Last January, I was in Israel visiting friends and family when the judicial crisis broke. The friends we were staying with attended protests from the very first week. We shook our heads at the possibility of this vote passing, certain that Israel, of all places, would never turn its back on its democratic foundations.
Clearly, we were wrong. All hell has broken loose in Israel and it feels impossible to know how the situation will ever be rectified. This crisis has divided the population into two distinct parts, rather similar to what has happened in America between Republicans and Democrats. Or in Israel during the rule of Antiochus, the Seleucid Greek king.
While I was in Israel, I took a trip to the city of Modiin to visit their brand-new museum about the Maccabees, in the city where the Hanukkah story reportedly began. My next novel will focus on the literal civil war that broke out between the devout Maccabees, who wanted to maintain their religion at all costs, and the liberal Hellenizers, who wished to adopt Greek ways as a path to embrace the “modern” world. Their animosity grew to the point that the two slaughtered one another. No, this is not the “Hanukkah story” that we all grew up with. The Maccabees were not always the heroes we consider them. Actual history is grittier and more appalling than that.
The museum was amazing, especially the guide who came and spent more than an hour with us, explaining the history, the social issues, and the recent archeological discoveries. It was from him that I first learned the concept of “sinat chinam” – baseless hatred. “The sages say,” the guide told us, “that the First Temple fell because of idol worship and godlessness. The Second Temple, however, was destroyed due to this hatred among the Jewish population.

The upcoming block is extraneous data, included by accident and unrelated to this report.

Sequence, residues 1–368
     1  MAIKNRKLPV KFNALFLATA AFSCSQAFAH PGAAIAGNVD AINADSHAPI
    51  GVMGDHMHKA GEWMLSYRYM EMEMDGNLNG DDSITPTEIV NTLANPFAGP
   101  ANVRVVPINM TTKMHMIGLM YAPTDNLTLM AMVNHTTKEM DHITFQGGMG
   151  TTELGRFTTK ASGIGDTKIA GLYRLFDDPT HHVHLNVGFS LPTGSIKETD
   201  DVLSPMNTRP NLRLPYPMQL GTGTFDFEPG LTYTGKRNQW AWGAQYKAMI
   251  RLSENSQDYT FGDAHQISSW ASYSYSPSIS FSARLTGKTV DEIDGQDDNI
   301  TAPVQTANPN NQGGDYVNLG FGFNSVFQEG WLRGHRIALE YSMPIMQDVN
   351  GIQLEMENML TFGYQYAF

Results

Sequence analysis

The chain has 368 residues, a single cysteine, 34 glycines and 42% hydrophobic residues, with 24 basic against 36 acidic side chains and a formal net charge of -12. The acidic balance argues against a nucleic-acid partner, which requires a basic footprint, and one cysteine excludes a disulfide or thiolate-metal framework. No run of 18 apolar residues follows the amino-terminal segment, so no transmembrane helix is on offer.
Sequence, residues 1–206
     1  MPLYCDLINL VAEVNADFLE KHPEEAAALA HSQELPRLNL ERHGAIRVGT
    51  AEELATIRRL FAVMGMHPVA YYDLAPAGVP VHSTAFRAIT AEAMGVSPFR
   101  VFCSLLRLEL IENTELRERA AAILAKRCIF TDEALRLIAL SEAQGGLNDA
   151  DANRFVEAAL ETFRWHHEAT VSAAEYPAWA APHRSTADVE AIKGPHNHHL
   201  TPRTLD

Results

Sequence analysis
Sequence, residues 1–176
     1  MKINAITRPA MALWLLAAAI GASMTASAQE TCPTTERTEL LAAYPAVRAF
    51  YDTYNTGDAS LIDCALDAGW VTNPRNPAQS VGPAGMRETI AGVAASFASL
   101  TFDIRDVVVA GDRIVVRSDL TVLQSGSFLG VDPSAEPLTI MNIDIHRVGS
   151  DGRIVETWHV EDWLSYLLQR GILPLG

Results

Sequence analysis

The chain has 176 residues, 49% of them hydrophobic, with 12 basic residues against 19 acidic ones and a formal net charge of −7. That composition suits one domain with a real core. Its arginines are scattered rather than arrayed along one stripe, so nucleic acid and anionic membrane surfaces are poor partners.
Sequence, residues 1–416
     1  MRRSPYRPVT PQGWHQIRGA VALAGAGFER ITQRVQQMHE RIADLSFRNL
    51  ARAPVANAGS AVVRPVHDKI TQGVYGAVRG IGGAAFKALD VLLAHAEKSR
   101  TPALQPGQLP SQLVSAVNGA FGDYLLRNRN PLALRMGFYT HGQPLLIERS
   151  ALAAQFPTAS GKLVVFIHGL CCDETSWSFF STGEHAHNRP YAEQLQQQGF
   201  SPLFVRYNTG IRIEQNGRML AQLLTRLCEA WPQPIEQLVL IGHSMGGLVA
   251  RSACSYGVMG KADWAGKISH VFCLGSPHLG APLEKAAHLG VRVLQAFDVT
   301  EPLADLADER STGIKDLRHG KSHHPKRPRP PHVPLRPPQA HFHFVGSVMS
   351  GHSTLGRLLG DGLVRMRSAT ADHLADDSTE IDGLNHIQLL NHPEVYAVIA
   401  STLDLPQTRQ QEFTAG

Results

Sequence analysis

In other words, we were our own worst enemies. As we are now.
There’s a reassuring video making its way around the Internet, of one side of the current conflict traveling down an escalator and the other side traveling up. And in between, people reached out their hands to touch one another in a show of solidarity and human feeling despite the divide. One can only hope that this is a harbinger of a better future.
But I am desperately afraid that it isn’t. That Israel’s population, which has always been divided between highly religious and the secular, progressive populations, is facing just as brutal a civil war as occurred back in the days of the Maccabees. And while ancient Judea survived that war – at least until the Romans came along – one can only imagine the rancor that remained.
This morning, I read a report of how police brutality against the protesters has risen sharply. How the “reasonableness” law against judicial restraint is merely a first step toward a xenophobic, misogynistic Israel.
This was not the country my grandmother, great aunts and uncles, who settled the country both before and after the Holocaust, envisioned as they reclaimed the land from swamp and desert. This is not the country my many cousins died for during Israel’s wars to defend itself. Or the one that my mother brought us to when I was 15. And not the country I love from afar.
Does history have to repeat itself? Do we have to return to an age of vicious civil war between conservative and liberal, devout and secular?
Can something not stop this catastrophe before it goes further than it has?